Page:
JP Duminy and the ghost of Lily Lumley
Professional cricketers stay well away from the spooky mansion but it provides a poignant narrative thread for South Africa’s World Cup campaign as the Proteas march into their next match like ghosts, ever restless and with business unfinished.
LONDON - Peeping above the trees, just outside the Riverside Stadium in Chester-le-Street, is Lumley Castle, a 14th Century fortress that sits proudly on top of a steep hill. Originally built by the 1st Baron Lumley, who was executed for rebelling against Henry VI, the squat crenelated stronghold now doubles as a museum and a boutique hotel.
Professional cricketers used to stay here, both for the ease of its proximity to the stadium just over the river and for the adjacent golf course. But no longer. Lily Lumley has seen to that.
Rather, the ghost of Lily Lumley. The flesh and blood version shuffled off this mortal coil in January 1400 when she was thrown down a well after objecting to her husband’s extra curricular activities with a nun. Ever since her spirit has haunted the stone building, seeking revenge on those that now desecrate her resting place.
That’s the story at least. Whether you believe it or not is your business but it it was convincing enough for members of the touring Australian squad in 2005 who claimed that Lily’s presence had an impact on their performance. Same too for former Indian captain Sourav Ganguly who reported strange paranormal sightings late at night.
Now, professional cricketers stay well away from the spooky mansion but it provides a poignant narrative thread for South Africa’s World Cup campaign as the Proteas march into their next match like ghosts, ever restless and with business unfinished.
The demons of previous tournaments have not been exercised. Skeletons continue to clank in the closet. The spectres of ’92, ’99, ’15 and all the rest hover over these beleaguered South Africans as they have stumbled from one defeat to the next, taking their leave from the global showpiece with two games to spare. A new low for a proud nation that must now search for meaning from their remaining fixtures.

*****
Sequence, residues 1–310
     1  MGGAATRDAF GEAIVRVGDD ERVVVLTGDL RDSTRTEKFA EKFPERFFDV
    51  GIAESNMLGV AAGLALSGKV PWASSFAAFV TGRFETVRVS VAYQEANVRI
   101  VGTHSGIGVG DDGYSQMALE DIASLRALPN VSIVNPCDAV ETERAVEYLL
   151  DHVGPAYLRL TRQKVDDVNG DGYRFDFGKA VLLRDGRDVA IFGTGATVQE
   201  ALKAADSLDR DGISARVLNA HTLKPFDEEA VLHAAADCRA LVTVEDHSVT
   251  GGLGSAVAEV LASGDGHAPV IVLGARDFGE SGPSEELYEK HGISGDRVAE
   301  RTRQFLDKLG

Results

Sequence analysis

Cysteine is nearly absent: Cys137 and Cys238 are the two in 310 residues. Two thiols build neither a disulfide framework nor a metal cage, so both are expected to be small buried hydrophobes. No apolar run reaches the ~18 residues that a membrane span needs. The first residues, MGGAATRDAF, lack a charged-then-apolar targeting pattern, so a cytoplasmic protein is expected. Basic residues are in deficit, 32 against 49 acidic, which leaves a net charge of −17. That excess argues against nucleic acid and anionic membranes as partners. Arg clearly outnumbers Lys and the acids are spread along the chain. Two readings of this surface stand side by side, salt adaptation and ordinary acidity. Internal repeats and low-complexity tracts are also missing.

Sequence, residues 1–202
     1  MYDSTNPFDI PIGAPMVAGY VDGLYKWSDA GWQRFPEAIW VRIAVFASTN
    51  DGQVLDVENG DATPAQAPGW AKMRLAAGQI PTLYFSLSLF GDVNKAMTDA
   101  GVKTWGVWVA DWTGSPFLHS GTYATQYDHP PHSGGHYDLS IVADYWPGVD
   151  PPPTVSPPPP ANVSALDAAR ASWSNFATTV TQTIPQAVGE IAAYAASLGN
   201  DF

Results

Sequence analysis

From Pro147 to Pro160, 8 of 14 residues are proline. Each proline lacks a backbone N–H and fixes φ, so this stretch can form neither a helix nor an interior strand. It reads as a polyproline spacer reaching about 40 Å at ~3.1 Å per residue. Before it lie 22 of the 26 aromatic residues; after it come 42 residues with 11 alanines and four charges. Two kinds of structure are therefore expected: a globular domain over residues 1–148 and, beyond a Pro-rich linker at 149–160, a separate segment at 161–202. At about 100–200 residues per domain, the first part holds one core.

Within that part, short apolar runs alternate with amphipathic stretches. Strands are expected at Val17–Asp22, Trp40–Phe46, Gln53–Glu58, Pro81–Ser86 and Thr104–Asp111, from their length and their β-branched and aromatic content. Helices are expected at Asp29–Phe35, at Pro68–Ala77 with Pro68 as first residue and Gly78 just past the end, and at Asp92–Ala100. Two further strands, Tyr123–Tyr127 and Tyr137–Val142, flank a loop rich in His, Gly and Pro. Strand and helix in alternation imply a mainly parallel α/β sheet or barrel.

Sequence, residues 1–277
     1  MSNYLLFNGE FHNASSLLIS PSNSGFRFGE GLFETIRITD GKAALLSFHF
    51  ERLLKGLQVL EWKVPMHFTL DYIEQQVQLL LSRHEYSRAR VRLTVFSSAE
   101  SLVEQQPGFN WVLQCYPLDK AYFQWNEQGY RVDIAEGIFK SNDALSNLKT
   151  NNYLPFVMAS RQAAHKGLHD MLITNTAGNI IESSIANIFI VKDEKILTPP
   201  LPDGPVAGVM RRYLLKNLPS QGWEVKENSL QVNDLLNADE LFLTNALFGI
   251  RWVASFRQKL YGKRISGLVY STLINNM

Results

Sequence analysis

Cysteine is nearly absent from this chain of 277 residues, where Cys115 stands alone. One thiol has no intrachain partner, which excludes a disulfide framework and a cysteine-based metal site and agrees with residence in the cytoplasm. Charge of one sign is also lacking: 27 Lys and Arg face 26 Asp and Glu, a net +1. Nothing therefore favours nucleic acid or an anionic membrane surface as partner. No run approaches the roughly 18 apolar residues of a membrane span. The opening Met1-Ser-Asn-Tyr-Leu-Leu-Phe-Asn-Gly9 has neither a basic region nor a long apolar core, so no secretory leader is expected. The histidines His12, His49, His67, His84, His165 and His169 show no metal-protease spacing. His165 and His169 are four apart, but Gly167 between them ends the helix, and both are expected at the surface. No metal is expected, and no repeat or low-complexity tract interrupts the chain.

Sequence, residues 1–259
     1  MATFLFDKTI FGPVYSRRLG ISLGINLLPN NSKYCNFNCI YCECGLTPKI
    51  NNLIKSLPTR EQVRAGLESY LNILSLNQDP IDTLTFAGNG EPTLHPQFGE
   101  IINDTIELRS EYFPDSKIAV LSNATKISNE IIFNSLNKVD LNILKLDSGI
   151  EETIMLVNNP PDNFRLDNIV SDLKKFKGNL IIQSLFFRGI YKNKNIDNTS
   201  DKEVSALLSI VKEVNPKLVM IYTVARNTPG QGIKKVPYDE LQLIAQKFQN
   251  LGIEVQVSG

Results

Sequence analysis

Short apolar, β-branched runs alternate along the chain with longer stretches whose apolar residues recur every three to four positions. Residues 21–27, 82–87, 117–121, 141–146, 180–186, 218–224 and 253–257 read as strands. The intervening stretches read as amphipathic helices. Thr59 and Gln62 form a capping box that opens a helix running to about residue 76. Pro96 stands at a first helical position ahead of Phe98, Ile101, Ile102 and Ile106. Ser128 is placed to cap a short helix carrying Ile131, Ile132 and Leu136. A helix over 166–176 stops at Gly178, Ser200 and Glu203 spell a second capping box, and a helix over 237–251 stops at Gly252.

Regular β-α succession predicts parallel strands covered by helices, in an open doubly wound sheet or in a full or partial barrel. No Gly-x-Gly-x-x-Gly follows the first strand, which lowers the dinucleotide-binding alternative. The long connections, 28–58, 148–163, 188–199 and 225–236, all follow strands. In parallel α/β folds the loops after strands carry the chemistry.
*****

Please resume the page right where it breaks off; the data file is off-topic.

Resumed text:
“We obviously want to apologise to the public and the South African fans for letting them down,” JP Duminy, the 35 year old all-rounder said to the press ahead of tomorrow’s clash against Sri Lanka. “When you put in performances like that, you in a way almost feel ashamed. But we know it’s not all lost. This team can come back stronger.”
They will have to do so without Duminy. He announced before the start of the tournament that he would be stepping away from One-Day International cricket after the trophy presentation at Lord's next month. He is currently on 197 caps. At most he will end on 199. One short of a milestone. An almost fitting end to a career that promised so much more than an average in the thirties with only four hundreds to his name.
Duminy spoke of his contribution to the game and stressed that statistics alone do not accurately reflect the measure of a cricketer. “For me, legacy is not in performance,” he said. “It is the person you are. And for me, it’s about being a good person, it’s about influencing people in the right way.”
He continued: “There is no doubt that I want to put in a big performance for the team, for the public, for the fans that have supported us through thick and thin. But for me, legacy lies in when people look back, or think of you and they’ve had the opportunity to interact with you. I don’t think a hundred is the thing they’ll remember.”
How will JP Duminy be remembered? His 166 against Australia in only his second Test in Melbourne will forever stand as one of the greatest individual knocks by a South African. But too often he gave his wicket away or missed a straight one or spooned a catch to extra cover when climbing the gears was required. For almost 15 years he has been a source of frustration. A player constantly walking a tightrope, never quite falling to the depths of obscurity but never progressing to the end of the line.
He played in South Africa’s three opening games of this tournament, scoring 8, 45 and 3. His last contribution ended when Kuldeep Yadav thumped one into his pads. He was dropped, deemed surplus to requirement as Faf du Plessis went in search of a win. Duminy carried drinks, he wore a baseball mitt in fielding drills and offered his compatriots throw downs in the nets. All the while the chance to walk away from the game with his head held high faded into the distance. Like a ghost wailing alone in a stone castle, Duminy became something that was rather than someone that is.
“It is disappointing,” he said when asked if the thought of only playing a handful of games at his final World Cup bothered him. “But the most disappointing part has been our team performance and it will be amiss of me not to mention how disappointed we all are. It’s been pretty dismal from our part and we wish we could point out one thing, one reason why we haven’t performed.”
Next up is Sri Lanka, a team South Africa swatted aside 5-0 in a recent series at home and also the team that Duminy made his ODI debut against in 2004. He has never scored a century against the Islanders, coming closest with a score 97 in Pallekele in 2013, encapsulating the career of a classy left-hand, who was once heralded as the next big talent on the scene.
He has a chance to set the record straight. He will never be the player he was meant to be. He will never be remembered as the player he wished he was. But he is anything but a ghost. He deserves to end his ODI career with a memorable innings, one final hurrah, one explosive crescendo that will emphasise his rare gifts.
Down in her well, Lily Lumley won’t be watching, but we will be. Watching and hoping for a goodbye to remember.